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Thirteen US service members screening people for relocation from Kabul airport as well as dozens of civilians were killed on Thursday in an attack carried out by ISIS.
Central Command head Gen Frank McKenzie said at least 18 other soldiers were wounded in the attacks added that ISIS would try to carry out more attacks.
At least 60 Afghan deaths have been reported after the two explosions, with dozens of others injured, Kabul health officials and a former Afghan government official said.
One bomb was detonated near the Hamid Karzai International Airport's Abbey Gate and a second went off at the nearby Baron Hotel.
There were other explosions heard in Kabul early on Friday, which Taliban spokesman Zabihullah Mujahid said were the sounds of US forces destroying their equipment as they leave the country.
Thursday’s American fatalities are the first time any US troops have been killed in combat in Afghanistan since February 2020, when two army sergeants died in an insider attack in Nangarhar province.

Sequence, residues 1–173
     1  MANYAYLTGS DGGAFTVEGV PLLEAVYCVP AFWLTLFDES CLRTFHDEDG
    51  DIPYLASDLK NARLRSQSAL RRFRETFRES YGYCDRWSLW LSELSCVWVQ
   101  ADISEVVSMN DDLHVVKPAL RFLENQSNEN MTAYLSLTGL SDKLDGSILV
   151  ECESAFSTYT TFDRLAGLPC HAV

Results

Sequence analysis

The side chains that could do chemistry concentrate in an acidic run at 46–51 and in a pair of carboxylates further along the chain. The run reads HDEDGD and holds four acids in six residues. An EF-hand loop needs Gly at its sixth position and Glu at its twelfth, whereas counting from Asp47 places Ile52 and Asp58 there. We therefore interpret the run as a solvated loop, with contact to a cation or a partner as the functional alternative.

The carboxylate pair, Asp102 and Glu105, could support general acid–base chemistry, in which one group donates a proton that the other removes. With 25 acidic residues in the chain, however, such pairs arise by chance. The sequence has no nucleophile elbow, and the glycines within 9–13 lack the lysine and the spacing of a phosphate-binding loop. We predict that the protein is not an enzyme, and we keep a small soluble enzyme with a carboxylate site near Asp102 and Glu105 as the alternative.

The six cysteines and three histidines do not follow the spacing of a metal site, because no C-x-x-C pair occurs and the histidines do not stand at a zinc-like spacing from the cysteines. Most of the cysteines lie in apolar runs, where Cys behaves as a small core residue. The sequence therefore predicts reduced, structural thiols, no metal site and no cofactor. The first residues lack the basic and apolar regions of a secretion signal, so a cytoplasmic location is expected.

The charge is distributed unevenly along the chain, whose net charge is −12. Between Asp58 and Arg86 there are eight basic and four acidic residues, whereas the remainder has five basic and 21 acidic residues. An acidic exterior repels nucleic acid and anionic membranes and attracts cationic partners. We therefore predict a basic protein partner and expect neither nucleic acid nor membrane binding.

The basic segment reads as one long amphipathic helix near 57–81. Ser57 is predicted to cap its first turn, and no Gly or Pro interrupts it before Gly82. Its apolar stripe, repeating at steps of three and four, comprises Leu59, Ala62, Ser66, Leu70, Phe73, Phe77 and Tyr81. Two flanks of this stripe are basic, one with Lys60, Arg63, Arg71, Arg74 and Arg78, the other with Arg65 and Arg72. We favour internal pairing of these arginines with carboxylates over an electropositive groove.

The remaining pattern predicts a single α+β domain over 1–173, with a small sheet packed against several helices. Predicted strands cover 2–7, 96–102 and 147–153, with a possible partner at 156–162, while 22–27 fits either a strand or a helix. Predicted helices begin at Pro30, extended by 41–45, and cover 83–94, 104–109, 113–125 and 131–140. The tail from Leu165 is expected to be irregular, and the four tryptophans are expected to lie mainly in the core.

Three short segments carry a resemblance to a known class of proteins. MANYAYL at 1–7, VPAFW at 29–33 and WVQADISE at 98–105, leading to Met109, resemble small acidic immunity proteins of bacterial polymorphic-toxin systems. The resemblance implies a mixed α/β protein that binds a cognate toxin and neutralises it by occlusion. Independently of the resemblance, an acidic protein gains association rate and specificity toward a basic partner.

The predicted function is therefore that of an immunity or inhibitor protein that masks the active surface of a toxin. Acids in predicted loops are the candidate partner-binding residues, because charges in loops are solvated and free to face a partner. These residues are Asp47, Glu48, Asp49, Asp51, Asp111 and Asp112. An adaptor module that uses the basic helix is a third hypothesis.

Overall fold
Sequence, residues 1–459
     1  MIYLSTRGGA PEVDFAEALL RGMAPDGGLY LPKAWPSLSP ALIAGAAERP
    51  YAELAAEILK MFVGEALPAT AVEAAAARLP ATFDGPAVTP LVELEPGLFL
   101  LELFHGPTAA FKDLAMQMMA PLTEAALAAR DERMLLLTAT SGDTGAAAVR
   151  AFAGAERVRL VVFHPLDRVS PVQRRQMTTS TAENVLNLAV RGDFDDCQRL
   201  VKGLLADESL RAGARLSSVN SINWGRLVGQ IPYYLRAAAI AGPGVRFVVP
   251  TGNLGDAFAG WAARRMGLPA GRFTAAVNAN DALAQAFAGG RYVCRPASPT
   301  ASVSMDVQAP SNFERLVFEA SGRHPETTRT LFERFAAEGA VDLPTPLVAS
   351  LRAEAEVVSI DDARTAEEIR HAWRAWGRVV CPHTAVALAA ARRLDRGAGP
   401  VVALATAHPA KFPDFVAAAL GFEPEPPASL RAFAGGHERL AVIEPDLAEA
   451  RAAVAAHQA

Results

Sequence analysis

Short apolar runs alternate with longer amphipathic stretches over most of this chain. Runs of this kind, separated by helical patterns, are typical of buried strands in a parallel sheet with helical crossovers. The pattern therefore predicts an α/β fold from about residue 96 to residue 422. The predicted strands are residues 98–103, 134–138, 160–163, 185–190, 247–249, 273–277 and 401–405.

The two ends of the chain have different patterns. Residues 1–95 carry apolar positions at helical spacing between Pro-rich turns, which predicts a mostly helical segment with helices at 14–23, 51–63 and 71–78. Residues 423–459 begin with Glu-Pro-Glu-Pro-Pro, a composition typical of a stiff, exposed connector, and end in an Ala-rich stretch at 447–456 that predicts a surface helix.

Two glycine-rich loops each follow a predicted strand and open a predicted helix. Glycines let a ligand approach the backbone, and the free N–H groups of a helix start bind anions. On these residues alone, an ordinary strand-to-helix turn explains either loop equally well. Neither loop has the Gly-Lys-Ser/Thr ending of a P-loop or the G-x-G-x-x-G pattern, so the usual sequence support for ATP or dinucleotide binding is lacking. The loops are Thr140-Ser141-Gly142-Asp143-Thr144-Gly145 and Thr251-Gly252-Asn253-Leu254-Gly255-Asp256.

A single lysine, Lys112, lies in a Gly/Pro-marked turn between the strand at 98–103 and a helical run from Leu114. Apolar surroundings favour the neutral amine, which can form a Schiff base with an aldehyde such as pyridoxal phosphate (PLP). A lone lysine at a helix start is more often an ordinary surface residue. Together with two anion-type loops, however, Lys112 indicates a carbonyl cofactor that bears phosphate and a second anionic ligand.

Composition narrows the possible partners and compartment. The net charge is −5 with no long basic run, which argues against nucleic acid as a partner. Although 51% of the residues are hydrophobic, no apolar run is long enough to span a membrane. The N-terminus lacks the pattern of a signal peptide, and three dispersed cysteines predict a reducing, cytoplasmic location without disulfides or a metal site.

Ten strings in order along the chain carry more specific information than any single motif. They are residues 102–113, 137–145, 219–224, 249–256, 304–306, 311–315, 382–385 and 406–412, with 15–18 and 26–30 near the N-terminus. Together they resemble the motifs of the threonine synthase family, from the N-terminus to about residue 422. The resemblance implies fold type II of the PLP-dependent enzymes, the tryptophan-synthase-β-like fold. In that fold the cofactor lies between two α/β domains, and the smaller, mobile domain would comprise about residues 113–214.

In a Thursday evening address from the White House, US President Joe Biden said he was "outraged as well as heartbroken" over the deaths.
“We will not forgive. We will not forget. We will hunt you down and make you pay," Mr Biden said, later adding that he has ordered the US military to present strike plans against those behind the attacks.
"If we find who was behind this, we will go after them," Gen McKenzie told reporters.
The ISIS terrorist group has reportedly claimed responsibility for the Kabul airport explosion, and that its ISIS-K (Islamic State-Khorasan Province) affiliate committed the act.
Gen McKenzie and Mr Biden said the evacuation of the Kabul airport is continuing, and the general confirmed over 100,000 people had already been screened and relocated from the country.
"We will rescue the Americans. We will get our Afghan allies out. And our mission will go on," Mr Biden declared.
Graphic video shared on social media showed bodies lying semi-submerged in a canal adjacent to the airport, where thousands have gathered since the Taliban takeover of August 15 hoping for a flight out.
British-Afghan national Zia Ul Haq Hazarbuz was nearby at the time of the attack and described seeing the bodies in the sewage ditch.